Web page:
Schlossberg's MLB Report: Will Maddon's Magic Move to LA? • Latino Sports


Schlossberg’s MLB Report: Will Maddon’s Magic Move to LA?


Although the San Francisco Giants and Kansas City Royals remain embroiled in a Fall Classic almost as colorful as the colors of fall, the most biggest news of the week is the sudden resignation of Tampa Bay manager Joe Maddon.

Wildly successful with a small-budget club, Maddon exercised his “out” clause after penny-pinching management refused his midseason request of a few thousand dollars more.

Now that he’s a free agent, his options are unlimited.

Joe Maddon won't be out of work long

Joe Maddon won’t be out of work long

Widely considered the most innovative and unorthodox managers in the game, Maddon is virtually certain to triple his Tampa Bay salary.

Only one team — the Minnesota Twins — had a managerial vacancy before Maddon made his move but that doesn’t mean others won’t court him anyway.

Consider the uber-wealthy Los Angeles Dodgers, where basketball legend Magic Johnson has teamed with long-time National League executive Stan Kasten to build a franchise that is a perennial contender.

Don Mattingly was a much better player than manager and his pitching-rich team proved a pushover for the inferior St. Louis Cardinals in the National League Division Series.

In addition, the Dodgers have just lured Tampa Bay general manager Andrew Friedman west with a megabucks contract and the new title of Director of Baseball Operations. Ned Colletti, the GM last year, has been kicked upstairs, ostensibly as Kasten’s “special assistant.” Mattingly could suffer the same fate.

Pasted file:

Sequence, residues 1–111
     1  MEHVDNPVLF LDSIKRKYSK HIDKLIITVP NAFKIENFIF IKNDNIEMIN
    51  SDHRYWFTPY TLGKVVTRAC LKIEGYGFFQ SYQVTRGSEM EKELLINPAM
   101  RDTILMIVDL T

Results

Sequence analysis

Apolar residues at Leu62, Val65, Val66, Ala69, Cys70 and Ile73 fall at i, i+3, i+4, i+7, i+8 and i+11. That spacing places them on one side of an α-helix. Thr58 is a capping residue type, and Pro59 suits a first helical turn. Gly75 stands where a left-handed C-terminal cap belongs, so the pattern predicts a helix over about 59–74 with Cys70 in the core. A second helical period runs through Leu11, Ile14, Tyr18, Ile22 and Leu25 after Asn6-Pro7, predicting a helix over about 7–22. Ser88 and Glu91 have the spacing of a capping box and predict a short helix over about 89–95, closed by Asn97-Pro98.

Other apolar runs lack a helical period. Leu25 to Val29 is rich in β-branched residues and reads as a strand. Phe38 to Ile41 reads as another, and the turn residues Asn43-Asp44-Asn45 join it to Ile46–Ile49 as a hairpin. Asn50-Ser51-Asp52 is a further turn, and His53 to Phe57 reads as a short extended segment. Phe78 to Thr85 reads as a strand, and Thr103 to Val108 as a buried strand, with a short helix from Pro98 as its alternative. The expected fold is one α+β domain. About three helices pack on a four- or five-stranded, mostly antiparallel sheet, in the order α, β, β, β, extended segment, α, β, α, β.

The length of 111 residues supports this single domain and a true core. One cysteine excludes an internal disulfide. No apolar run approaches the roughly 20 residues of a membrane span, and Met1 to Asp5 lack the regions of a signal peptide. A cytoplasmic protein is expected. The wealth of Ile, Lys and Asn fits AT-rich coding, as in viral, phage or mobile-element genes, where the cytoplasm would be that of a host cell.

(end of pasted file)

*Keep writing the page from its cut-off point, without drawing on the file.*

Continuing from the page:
And what about the Los Angeles Angels of Anaheim? Mike Scioscia has been entrenched as manager for years but Maddon coached there before joining the Rays and could be lured back — especially since the underachieving Angels went 0-for-the-playoffs after leading the majors in both wins and runs scored.

The Angels insist Mike Scioscia's job is safe

The Angels insist Mike Scioscia’s job is safe

The Minnesota Twins, where Ron Gardenhire got the axe after 13 seasons, have interest in Maddon but not the dollars. The Chicago Cubs, on the other hand, are rebuilding with youth under Theo Epstein, the one-time boy wonder GM in Boston, and could prove attractive to Maddon — especially since he’d love to end the club’s 108-year-old streak of no world championships. Yes, anybody can have a bad century, Joe, but the Cubs are already working on their second.

Other clubs that could consider Maddon as manager include the Philadelphia Phillies, where Ryne Sandberg did not see eye-to-eye with all his charges, and the New York Mets, where the young pitchers not only grow on trees but seem ready to blossom. Terry Collins has one year left on his contract and a major factor in his favor: ownership has been hesitant to spend too heavily in the wake of the Bernie Madoff scandal.

After all the coaching and front office changes in Atlanta — including the three-year deal given John Hart to be President of Baseball Operations there — would Maddon be a possibility for the Braves? Fredi Gonzalez barely survived the team’s second-half plunge of 2014 but is a personal favorite of Hall of Fame manager Bobby Cox, whose vote still carries a lot of sway with the front office.

Fredi Gonzalez got a vote of confidence from the Braves despite a difficult year

Fredi Gonzalez got a vote of confidence from the Braves despite a difficult year

Maddon could also bide his time and wait. A handful of managers are fired every season and he’d be at the top of the list for any opening — assuming his new team wants to pay the price.